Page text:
Please use this identifier to cite or link to this item: http://hdl.handle.net/10397/61091
Title: Observations of nitryl chloride and modeling its source and effect on ozone in the planetary boundary layer of Southern China
Authors: Wang, T 
Tham, YJ
Xue, L
Li, Q
Zha, Q
Wang, Z 
Poon, SCN
Dubé, WP
Blake, DR
Louie, PKK
Luk, CWY
Tsui, W
Brown, SS
Keywords: Chemical ionization mass spectrometry
Dinitrogen pentoxide
Heterogeneous uptake
Nitryl chloride
Ozone
Issue Date: 2016
Publisher: Wiley-Blackwell
Source: Journal of geophysical research. Atmospheres, 2016, v. 121, no. 5, p. 2476-2489 How to cite?
Journal: Journal of geophysical research. Atmospheres 
Abstract: Nitryl chloride (ClNO2) plays potentially important roles in atmospheric chemistry, but its abundance and effect are not fully understood due to the small number of ambient observations of ClNO2 to date. In late autumn 2013, ClNO2 was measured with a chemical ionization mass spectrometer (CIMS) at a mountain top (957 m above sea level) in Hong Kong. During 12 nights with continuous CIMS data, elevated mixing ratios of ClNO2 (>400 parts per trillion by volume) or its precursor N2O5 (>1000 pptv) were observed on six nights, with the highest ever reported ClNO2 (4.7 ppbv, 1 min average) and N2O5 (7.7 ppbv, 1 min average) in one case. Backward particle dispersion calculations driven by winds simulated with a mesoscale meteorological model show that the ClNO2/N2O5-laden air at the high-elevation site was due to transport of urban/industrial pollution north of the site. The highest ClNO2/N2O5 case was observed in a later period of the night and was characterized with extensively processed air and with the presence of nonoceanic chloride. A chemical box model with detailed chlorine chemistry was used to assess the possible impact of the ClNO2 in the well-processed regional plume on next day ozone, as the air mass continued to downwind locations. The results show that the ClNO2 could enhance ozone by 5-16% at the ozone peak or 11-41% daytime ozone production in the following day. This study highlights varying importance of the ClNO2 chemistry in polluted environments and the need to consider this process in photochemical models for prediction of ground-level ozone and haze. Key Points First observation of ClNO2 in the planetary boundary layer of China Combined high-resolution meteorological and measurement-constrained chemical models in data analysis ClNO2 enhances daytime ozone peak by 5-16% in well-processed PRD air.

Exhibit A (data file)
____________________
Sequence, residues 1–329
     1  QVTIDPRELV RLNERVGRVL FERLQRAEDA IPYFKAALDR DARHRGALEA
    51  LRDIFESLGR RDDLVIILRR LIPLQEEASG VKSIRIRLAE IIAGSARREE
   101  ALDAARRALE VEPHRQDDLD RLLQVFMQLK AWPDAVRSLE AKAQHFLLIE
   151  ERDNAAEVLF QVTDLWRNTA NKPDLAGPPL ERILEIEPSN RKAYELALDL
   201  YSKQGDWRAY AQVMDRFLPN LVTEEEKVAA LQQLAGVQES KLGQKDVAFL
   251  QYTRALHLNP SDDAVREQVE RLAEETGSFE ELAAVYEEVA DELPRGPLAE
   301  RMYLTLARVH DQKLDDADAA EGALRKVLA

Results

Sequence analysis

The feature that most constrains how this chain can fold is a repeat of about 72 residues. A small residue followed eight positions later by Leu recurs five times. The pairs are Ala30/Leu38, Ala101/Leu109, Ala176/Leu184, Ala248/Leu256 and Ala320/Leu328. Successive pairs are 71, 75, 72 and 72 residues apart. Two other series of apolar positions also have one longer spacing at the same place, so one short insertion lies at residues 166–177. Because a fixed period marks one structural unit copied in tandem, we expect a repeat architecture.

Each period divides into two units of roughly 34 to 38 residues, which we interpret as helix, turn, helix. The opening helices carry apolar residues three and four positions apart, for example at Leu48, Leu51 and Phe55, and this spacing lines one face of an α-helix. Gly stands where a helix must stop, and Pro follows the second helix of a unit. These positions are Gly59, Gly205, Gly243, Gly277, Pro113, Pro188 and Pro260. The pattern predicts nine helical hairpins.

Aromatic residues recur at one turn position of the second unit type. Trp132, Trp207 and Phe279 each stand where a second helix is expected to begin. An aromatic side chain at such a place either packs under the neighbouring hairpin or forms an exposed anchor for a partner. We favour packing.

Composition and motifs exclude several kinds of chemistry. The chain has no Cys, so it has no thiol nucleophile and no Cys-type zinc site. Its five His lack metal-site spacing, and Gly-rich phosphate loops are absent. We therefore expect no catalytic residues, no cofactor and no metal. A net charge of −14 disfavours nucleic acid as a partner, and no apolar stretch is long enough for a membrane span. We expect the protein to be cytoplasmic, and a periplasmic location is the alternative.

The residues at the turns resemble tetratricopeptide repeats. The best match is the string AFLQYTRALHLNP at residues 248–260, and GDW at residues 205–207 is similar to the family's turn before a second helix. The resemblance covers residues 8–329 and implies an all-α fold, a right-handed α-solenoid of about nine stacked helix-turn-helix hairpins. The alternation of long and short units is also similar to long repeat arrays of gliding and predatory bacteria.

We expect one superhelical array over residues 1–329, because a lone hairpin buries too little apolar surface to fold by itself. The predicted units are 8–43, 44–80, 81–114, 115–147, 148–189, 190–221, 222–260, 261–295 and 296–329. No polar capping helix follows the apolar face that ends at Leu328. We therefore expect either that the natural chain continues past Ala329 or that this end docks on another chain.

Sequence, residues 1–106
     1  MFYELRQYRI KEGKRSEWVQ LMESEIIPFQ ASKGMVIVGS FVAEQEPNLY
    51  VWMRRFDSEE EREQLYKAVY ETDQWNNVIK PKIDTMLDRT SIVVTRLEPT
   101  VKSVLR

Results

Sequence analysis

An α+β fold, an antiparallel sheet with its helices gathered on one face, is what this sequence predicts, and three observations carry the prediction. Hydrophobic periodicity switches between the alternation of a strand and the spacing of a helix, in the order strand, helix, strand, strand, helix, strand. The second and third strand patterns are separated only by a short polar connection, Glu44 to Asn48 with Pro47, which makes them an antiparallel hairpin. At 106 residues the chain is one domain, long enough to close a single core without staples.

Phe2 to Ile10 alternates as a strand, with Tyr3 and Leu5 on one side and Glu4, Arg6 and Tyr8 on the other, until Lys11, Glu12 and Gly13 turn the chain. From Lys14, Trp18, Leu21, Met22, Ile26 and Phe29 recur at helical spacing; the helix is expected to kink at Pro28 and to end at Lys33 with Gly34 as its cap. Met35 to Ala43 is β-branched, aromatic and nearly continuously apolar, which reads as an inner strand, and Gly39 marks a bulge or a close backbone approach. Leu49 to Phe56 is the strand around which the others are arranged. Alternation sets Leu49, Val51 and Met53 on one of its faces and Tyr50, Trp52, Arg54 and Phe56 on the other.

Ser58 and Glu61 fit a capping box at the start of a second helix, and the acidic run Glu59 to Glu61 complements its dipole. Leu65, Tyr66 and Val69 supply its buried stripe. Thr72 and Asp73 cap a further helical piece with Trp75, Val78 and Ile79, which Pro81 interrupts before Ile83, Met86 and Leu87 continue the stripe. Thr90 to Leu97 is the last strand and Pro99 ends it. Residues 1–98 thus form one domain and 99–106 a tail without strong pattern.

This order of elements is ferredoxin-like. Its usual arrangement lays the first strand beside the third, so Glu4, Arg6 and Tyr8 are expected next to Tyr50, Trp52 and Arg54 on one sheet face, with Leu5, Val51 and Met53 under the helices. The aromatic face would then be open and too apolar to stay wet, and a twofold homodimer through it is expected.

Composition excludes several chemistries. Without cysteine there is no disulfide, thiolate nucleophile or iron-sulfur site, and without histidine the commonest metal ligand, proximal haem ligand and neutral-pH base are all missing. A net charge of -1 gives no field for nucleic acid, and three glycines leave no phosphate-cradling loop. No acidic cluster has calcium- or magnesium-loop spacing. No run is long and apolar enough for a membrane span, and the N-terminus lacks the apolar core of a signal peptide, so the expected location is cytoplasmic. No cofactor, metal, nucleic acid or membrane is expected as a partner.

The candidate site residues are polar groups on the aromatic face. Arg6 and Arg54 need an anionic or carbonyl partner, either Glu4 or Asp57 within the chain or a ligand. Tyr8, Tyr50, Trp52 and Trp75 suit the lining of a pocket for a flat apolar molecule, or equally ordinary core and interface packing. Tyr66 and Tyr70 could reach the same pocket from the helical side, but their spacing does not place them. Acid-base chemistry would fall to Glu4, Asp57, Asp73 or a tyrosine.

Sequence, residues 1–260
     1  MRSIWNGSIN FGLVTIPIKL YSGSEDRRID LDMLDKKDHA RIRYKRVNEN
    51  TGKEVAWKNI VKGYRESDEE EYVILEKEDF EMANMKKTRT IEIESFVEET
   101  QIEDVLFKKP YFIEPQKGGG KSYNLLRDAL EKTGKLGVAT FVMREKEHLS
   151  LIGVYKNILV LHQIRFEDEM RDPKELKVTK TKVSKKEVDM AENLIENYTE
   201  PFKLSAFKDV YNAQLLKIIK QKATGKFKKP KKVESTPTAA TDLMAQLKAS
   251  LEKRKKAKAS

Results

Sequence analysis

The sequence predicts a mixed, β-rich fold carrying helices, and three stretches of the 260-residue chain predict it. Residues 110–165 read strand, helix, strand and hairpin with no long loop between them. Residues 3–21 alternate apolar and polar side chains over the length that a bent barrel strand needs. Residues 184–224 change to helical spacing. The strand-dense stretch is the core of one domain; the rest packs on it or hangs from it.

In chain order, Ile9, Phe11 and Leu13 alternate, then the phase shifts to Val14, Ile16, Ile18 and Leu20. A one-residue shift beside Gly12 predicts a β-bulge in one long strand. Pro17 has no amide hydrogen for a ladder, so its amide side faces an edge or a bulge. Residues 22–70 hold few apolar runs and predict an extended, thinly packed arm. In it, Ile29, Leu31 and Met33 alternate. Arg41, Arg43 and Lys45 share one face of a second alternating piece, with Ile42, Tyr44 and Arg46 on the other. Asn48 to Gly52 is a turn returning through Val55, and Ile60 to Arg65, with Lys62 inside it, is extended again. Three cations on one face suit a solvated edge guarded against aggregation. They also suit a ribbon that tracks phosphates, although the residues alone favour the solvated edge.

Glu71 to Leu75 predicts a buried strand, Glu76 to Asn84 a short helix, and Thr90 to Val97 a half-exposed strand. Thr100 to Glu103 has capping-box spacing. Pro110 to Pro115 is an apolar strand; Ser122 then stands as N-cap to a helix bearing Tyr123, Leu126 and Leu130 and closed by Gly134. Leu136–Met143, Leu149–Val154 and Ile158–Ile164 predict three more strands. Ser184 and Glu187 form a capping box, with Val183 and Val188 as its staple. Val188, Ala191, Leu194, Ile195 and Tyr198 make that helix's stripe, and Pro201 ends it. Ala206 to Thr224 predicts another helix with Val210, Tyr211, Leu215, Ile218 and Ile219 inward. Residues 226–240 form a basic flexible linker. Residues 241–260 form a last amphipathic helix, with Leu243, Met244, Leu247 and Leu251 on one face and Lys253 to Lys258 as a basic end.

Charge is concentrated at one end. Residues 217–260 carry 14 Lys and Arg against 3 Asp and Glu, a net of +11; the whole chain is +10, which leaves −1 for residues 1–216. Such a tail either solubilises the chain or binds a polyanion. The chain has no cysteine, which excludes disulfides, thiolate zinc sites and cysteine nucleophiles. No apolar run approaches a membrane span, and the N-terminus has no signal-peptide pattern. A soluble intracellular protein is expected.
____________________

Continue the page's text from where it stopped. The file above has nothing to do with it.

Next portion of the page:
URI: http://hdl.handle.net/10397/61091
ISSN: 2169-897X
EISSN: 2169-8996
DOI: 10.1002/2015JD024556
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